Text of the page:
The SAT is a very important test, but it can be hard to set aside the time to study for it amidst all your other school work and activities. When you already have problem sets to do and papers to write, another set of practice drills on reading comprehension can seem overwhelming.
That’s why sometimes the best studying happens when you don’t realize you’re doing it! This list contains some fun and engaging books that will help you practice the techniques you’ll be expected to use throughout the reading comprehension section of the exam.
The Series of Unfortunate Events, by Lemony Snicket
VOCABULARY. Almost everyone’s biggest fear going into the SAT, right? The new SAT may no longer test you directly on the definitions of words, but it will test your ability to understand their meaning from context. This can be harder to study for, simply because there’s no longer a list of words to memorize.
Which brings us to the sad tale of the Baudelaire orphans and the dastardly Count Olaf who wants to con them out of their family fortune. Starting with the aptly named book, The Bad Beginning, author Lemony Snicket spins a hilarious, clever, and sometimes sesquipedalian (using too many long words) story that is engaging from beginning to end. While it may sound daunting, the books are short and readable at a middle school level, and Snicket is a master of teaching vocabulary through context.
Pride and Prejudice, by Jane Austen
The SATs LOVE giving you reading comprehension sections from classic literature. Now, odds are you aren’t going to get a section from a book you’ve read before, but that doesn’t mean reading some classic literature won’t help. Older styles of writing can seem formal and vague, but practicing on an easy to understand story will make a world of difference.
Pride and Prejudice may seem like an uptight, melodramatic romance novel, but it’s actually way closer to a light romantic comedy. The story is all about the Bennet sisters and their mother’s obsession with marrying them off to rich men who will raise the family’s social standing. As you start to read the book, you’ll start to translate the events that happen into more modern, familiar versions. The ball they attend at the beginning of the book isn’t that different from a school dance, and when the youngest sisters beg to go to town, it’s the same as wanting your mom to drive you to the mall to shop and see your friends.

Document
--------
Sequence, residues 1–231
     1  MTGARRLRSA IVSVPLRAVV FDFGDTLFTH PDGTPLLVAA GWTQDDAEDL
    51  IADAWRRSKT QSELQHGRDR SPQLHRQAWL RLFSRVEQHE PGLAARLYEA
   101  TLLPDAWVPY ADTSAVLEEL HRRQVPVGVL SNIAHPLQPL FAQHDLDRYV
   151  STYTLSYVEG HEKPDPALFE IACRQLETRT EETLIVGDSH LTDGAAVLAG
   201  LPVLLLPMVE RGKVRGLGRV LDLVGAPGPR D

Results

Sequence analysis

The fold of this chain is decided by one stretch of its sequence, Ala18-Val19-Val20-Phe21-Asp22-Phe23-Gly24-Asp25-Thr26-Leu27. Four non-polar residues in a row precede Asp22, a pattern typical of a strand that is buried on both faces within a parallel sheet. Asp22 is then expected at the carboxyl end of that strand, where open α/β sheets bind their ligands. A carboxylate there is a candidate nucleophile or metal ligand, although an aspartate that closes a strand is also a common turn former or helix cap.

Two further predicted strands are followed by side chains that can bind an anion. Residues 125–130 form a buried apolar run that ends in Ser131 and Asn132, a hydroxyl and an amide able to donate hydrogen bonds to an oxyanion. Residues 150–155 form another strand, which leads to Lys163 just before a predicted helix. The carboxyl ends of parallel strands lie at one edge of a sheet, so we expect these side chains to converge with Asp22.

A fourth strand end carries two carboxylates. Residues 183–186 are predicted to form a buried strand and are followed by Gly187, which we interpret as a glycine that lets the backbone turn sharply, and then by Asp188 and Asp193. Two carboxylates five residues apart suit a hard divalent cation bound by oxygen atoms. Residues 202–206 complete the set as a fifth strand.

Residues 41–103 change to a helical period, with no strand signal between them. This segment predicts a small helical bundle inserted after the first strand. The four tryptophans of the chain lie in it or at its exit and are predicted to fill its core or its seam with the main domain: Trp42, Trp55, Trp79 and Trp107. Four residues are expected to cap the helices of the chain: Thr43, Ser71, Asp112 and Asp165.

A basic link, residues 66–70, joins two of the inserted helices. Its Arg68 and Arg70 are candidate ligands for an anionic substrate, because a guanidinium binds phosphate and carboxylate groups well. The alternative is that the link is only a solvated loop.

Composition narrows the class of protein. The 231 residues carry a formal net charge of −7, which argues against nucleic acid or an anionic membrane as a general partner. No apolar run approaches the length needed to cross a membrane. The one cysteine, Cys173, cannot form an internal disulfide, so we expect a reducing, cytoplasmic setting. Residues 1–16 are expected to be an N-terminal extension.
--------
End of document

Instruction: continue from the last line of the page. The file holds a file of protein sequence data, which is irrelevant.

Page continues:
“But do I have to read a romance novel?!” The book’s protagonist, Elizabeth, spend most of the book being embarrassed by various family members and awkwardly running into her crush, which are pretty universal and relatable life events, making it the easiest kind of story to “translate”. But if you really can’t stand the idea, try reading something from a similar time period but a different genre, like Mary Shelley’s Frankenstein or Robert Louis Stevenson’s The Strange Case of Dr. Jekyll and Mr. Hyde.
Arthur Conan Doyle’s Sherlock Holmes stories
So, let’s say you’re comfortable reading any style of passage the SAT may throw at you - now, how do you pick your answers? A significant portion of questions in the reading comprehension section are more than just word definitions or summaries of the text. You’ll be asked about what can be concluded from the passages or what was the purpose of what a character said, and you may have several tempting answers to choose from. That’s where logic comes into play.